The only way to understand birth is to experience it yourself. The ONLY way? That comment stayed with me, haunted me. I became a doula after my daughter’s birth because I wanted to be able to provide women with support and knowledge that could give them a different experience, a better memory than what I had. I just couldn’t believe that there wasn’t a way to understand birth at all except to experience it firsthand. Certainly there wasn’t always this fear and unknown around birth that we each face today. Not always. I began studying that idea. What about other cultures? What about our culture, historically? What about The Farm? There wasn’t always this myth and mystery about birth! I realized there was a time (and in places, there still is) when women banded together for births. Mothers, sisters, cousins, daughters, aunts, friends. They came together and comforted, guided, soothed, coached, and held the space for one another during birth. These women didn’t go in it alone – they were surrounded by women who had birthed before them. Women who knew what looked and felt right, and what didn’t. Women who could empathize with them and empower them. In addition to that, girls and women were raised in a culture of attending births. Daughters watched mothers, sisters and aunts labor their babies into this world. They saw, heard, and supported these women for the long hours of labor, so when they became mothers themselves, the experience was a new, but very familiar one for them. Birth wasn’t a secretive ritual practiced behind the cold, business-like doors of a hospital. It was a time for bonding, learning, sharing and sisterhood. Girls learned how women become mothers, and mothers helped their sisters bring forth life.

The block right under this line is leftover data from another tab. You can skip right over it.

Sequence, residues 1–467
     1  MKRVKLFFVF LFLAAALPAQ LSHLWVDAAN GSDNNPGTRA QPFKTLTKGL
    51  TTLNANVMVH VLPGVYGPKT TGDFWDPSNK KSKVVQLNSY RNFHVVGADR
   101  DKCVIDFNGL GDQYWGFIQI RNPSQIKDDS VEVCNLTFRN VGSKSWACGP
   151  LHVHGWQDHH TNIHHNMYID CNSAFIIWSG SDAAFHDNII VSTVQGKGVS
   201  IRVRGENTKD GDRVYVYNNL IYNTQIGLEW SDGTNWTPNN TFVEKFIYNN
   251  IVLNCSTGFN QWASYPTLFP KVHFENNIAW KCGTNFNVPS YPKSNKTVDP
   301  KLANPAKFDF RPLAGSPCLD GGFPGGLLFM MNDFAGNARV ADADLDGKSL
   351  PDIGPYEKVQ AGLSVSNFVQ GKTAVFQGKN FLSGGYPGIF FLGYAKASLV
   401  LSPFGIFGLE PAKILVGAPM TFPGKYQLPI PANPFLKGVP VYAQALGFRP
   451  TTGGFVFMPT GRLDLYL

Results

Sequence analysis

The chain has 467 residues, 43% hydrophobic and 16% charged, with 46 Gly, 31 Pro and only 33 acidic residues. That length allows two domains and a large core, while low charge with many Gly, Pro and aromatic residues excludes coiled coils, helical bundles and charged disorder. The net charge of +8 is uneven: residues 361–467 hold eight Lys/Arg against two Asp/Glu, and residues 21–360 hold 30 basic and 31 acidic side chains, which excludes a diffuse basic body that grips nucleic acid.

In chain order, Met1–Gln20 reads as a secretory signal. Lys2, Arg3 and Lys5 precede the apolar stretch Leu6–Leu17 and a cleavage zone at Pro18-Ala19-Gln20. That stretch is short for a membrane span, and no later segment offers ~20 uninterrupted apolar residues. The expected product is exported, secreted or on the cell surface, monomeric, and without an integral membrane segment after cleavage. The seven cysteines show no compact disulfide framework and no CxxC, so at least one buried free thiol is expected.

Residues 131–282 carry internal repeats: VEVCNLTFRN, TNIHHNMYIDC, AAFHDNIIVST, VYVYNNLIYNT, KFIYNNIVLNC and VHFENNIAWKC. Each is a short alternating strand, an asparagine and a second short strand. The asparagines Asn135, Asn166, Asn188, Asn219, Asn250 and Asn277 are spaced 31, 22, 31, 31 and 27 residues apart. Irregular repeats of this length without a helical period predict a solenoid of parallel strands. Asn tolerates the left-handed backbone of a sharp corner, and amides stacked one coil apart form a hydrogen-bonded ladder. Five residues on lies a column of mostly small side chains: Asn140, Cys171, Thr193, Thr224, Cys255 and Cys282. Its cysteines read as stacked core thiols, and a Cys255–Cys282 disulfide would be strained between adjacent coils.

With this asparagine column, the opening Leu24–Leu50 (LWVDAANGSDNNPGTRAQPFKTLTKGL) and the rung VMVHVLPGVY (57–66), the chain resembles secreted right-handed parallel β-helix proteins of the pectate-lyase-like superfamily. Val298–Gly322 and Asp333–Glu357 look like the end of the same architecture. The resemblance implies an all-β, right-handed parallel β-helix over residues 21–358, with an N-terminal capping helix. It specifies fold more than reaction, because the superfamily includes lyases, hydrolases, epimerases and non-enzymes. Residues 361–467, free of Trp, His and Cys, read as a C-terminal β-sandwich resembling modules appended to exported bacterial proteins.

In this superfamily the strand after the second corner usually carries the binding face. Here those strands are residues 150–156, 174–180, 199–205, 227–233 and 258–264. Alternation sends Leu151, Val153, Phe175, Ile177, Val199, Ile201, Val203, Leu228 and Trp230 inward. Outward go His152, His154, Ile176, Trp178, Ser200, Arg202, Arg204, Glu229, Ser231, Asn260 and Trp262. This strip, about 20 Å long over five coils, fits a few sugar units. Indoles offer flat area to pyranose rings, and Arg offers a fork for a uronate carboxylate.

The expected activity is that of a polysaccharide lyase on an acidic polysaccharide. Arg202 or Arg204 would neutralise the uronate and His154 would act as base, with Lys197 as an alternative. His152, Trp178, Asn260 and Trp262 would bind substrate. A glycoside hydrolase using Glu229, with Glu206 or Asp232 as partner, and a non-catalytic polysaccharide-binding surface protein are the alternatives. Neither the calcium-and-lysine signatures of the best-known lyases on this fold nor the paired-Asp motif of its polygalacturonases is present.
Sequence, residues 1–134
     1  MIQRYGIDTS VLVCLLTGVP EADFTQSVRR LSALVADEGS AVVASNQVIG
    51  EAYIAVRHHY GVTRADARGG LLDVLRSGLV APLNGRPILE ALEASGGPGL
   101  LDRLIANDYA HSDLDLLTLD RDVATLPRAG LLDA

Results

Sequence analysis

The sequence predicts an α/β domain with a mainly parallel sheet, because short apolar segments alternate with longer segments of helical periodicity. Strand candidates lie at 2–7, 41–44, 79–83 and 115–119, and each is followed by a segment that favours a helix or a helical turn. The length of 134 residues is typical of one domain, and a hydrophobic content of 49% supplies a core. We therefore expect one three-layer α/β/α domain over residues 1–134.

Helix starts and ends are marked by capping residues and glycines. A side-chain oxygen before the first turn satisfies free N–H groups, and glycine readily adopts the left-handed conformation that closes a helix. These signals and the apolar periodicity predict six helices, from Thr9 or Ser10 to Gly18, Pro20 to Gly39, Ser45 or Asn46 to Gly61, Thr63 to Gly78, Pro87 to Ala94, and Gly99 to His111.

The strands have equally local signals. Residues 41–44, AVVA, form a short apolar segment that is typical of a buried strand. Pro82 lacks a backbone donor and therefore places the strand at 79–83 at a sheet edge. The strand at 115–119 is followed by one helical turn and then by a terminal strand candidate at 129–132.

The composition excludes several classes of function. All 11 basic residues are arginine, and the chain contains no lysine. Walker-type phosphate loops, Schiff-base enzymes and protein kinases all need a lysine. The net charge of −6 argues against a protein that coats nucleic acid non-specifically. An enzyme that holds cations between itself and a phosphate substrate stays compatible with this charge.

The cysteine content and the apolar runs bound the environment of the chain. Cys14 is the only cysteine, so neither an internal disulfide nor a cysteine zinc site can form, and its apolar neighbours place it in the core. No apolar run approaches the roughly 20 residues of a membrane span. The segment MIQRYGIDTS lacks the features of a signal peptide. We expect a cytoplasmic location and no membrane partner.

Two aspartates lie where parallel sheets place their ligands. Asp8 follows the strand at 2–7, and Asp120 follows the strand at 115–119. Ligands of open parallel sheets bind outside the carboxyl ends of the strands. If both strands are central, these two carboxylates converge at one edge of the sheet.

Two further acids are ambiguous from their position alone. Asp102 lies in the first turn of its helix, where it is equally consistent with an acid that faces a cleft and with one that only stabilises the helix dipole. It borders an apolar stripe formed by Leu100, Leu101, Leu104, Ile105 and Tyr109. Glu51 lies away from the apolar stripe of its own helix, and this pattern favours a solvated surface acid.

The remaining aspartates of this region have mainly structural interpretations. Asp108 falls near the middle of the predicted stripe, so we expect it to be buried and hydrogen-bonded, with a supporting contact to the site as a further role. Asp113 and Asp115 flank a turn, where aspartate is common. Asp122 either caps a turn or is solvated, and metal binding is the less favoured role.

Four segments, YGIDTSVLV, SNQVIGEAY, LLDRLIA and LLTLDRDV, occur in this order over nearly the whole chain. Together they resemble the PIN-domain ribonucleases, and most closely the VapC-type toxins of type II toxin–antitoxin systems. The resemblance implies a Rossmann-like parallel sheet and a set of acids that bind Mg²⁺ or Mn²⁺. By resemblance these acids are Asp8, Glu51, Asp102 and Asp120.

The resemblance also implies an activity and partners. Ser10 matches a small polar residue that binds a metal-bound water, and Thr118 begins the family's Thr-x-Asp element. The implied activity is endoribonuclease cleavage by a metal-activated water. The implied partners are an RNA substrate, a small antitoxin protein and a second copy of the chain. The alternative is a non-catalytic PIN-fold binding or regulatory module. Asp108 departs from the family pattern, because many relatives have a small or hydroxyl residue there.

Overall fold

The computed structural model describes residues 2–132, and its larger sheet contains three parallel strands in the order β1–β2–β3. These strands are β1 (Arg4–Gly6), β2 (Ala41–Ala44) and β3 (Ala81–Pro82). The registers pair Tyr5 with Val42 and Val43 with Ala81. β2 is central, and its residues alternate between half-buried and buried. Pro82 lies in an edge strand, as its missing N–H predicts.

We can’t overemphasize the importance of who is present in the birth space and their influence on how a birth unfolds. Other people’s presence can have a powerful impact, whether positive or negative. One important area is with regard to freedom of choice and self-direction: